Record numbers of students to train as next generation of nurses and doctors

Surge in university applicants will help ministers reach 50,000 nurses pledge

Shaun Lintern
Health Correspondent
Tuesday 10 August 2021 18:11 BST
There has been a record jump in students applying to become nurses
There has been a record jump in students applying to become nurses (PA)
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A record number of students are to study nursing at university after a surge in interest in NHS jobs following the Covid pandemic.

Latest data shows there has been an 8 per cent jump in accepted applications for nursing this year with a total of 26,730 nurses due to start training in the coming months.

This is the highest number of students accepted onto three-year nursing courses in any year during the past decade, and comes as ministers aim to boost nurse staffing levels in hospitals.

Boris Johnson has promised an extra 50,000 nurses will be working in the NHS by 2024, with the health service having 38,000 nurse vacancies during the pandemic.

In medicine and dentistry, the number of students is also up 16 per cent on 2020 to 11,220 – the highest for at least a decade. So many students have achieved their grades and been accepted onto medical courses that some medical schools are offering students £10,000 to move to another university.

In England, the number of students is up 12 per cent in a year with 20,930 accepted onto those courses at university, compared with 18,770 in 2020. This is 16 per cent up on 2016.

Nursing has traditionally attracted significant numbers of older, second-career students as well as college leavers, but this has seen a slump since nursing bursaries to fund training were scrapped in 2016.

The latest data from the Universities and Colleges Admissions Service (Ucas) shows the number of students above the age of 35 rising 5 per cent on 2020, while those aged 30 to 34 have increased 11 per cent.

The biggest rise is among 18-year-olds where there has been a 34 per cent jump since 2019, from 5,320 to 7,150. This is a 22 per cent rise on 2020.

However, the number of students coming to the UK from the EU has dropped 19 per cent, down to 230, while those from outside the EU are up 23 per cent to 260.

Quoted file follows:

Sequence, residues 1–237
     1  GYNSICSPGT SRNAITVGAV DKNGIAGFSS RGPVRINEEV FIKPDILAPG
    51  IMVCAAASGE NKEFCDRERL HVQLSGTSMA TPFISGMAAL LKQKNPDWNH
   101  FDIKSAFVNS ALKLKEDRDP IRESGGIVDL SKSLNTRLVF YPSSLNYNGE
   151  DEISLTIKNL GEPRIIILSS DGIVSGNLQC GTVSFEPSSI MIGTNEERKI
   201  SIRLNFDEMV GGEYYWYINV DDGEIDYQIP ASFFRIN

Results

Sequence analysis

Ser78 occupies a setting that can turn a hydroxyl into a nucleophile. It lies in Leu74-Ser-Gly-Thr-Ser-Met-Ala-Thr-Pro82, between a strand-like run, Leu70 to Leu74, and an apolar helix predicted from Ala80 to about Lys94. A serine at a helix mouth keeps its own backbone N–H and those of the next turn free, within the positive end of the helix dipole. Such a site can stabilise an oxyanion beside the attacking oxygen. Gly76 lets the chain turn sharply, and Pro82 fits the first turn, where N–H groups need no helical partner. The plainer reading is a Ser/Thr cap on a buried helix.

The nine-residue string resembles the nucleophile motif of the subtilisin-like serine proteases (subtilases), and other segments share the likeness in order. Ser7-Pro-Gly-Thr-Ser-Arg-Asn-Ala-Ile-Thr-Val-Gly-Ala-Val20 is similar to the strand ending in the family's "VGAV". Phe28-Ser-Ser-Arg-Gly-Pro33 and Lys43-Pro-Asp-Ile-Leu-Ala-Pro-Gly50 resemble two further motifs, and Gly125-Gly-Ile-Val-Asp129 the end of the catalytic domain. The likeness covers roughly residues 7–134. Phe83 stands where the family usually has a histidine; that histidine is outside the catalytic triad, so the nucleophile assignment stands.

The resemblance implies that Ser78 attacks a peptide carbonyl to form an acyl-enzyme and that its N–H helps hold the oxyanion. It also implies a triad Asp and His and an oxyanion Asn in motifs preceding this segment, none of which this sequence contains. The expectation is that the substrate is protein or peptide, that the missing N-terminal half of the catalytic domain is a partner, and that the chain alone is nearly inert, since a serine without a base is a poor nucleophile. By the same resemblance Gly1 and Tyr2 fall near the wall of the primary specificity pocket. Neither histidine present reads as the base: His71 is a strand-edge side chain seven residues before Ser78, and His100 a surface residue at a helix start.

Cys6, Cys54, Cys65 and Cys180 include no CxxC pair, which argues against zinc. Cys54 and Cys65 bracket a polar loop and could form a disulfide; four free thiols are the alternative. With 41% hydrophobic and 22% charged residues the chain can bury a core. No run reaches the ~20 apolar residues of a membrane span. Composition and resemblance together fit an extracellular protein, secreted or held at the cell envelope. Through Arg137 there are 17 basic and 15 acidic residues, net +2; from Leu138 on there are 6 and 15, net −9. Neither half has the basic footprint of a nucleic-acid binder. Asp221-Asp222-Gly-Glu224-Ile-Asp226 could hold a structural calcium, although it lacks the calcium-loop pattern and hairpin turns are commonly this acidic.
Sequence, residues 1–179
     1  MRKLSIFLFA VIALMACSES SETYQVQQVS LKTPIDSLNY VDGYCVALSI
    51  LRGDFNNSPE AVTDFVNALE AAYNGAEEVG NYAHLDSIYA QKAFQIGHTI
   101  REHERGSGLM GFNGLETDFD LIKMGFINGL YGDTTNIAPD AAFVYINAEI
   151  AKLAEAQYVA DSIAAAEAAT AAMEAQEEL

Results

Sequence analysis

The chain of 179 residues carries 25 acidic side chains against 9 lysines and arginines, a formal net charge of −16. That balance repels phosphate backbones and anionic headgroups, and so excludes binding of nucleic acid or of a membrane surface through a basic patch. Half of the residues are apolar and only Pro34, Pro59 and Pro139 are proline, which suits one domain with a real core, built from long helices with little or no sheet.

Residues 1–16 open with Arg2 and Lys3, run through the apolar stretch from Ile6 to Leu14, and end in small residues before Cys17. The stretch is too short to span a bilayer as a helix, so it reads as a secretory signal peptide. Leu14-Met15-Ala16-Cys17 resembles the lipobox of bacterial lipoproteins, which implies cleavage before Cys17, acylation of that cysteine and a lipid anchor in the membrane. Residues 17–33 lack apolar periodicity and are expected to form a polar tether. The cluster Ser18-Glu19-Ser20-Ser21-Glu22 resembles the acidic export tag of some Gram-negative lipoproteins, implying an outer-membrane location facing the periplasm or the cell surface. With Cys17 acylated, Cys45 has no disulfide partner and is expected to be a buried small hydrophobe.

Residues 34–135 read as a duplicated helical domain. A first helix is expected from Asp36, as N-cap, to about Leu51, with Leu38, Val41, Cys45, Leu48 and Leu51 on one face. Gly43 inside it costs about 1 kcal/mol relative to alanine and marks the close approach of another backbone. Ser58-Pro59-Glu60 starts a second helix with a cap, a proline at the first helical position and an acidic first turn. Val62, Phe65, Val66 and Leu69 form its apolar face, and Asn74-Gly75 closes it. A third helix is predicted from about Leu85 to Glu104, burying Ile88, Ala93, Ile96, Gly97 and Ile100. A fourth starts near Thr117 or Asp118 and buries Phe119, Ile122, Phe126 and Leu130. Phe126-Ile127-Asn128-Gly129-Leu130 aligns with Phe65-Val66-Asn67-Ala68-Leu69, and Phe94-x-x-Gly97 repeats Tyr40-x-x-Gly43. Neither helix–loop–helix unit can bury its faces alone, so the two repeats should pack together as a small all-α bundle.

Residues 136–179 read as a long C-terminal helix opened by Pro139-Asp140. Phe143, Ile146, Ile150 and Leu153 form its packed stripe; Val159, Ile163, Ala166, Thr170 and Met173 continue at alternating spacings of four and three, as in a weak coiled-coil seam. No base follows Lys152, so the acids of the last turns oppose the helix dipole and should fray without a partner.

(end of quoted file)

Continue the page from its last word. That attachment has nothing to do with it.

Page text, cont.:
Nursing students spend half their course time on placements working on NHS wards and in the community. This is funded by the NHS which has already agreed an extra £25m for placements and simulation training this year, on top of its existing £180m budget.

Mark Radford, chief nurse of Health Education England, said: “I am really pleased to see the rise in applications for nursing courses, it is great that so many people are keen to pursue a career in nursing. We will work with universities to welcome and support the many thousands of new recruits to embark on this rewarding career.”

The Royal College of Nursing (RCN) said the record numbers did not necessarily lead to higher numbers of nurses in the NHS as many of the students won’t qualify until 2024.

RCN England director, Patricia Marquis, said: “There are already significant staff shortages in nursing and it is clear acceptance numbers are still not keeping pace with vacancies. Pressures of the pandemic have also left nursing staff exhausted. This not only puts patient care at risk but means students risk not completing their studies and entering the workforce.

“Ministers must reverse the 3 per cent pay deal if we are to discourage many from abandoning the profession, leaving future nurses without the expert teaching they need.”

Separately, NHS England has announced a £15m package to bring in 5,000 more healthcare assistant (HCA) roles for those considering leaving full time education.

HCAs don’t require any formal qualifications and help other clinical staff to carry out health checks, update patient records, help patients wash, dress and move around, and care for women and families in maternity services.

Speaking at a hospital in Milton Keynes earlier today, Amanda Pritchard, chief executive of NHS England, said: “Whether you want to study at university, or go straight into work, there are various routes into the NHS and with more than 350 different roles to choose from - including healthcare support workers, podiatrists, porters or midwives - there really is something for everyone.

"It is brilliant to see that a record number of people have applied for healthcare degrees and combined with this additional investment in even more new roles, we are strengthening the NHS workforce and building a strong future for the health service and for our patients.

“After the last 18 months, I’ve never been prouder to be a part of the NHS, so if you want to join us and make a difference to patients, please search NHS careers today.”

As the biggest employer in Europe and the fifth largest in the world, there are currently around 1.3 million people working in the NHS in England, including 150,000 doctors, 330,000 nurses and midwives and 70,000 allied health professionals.

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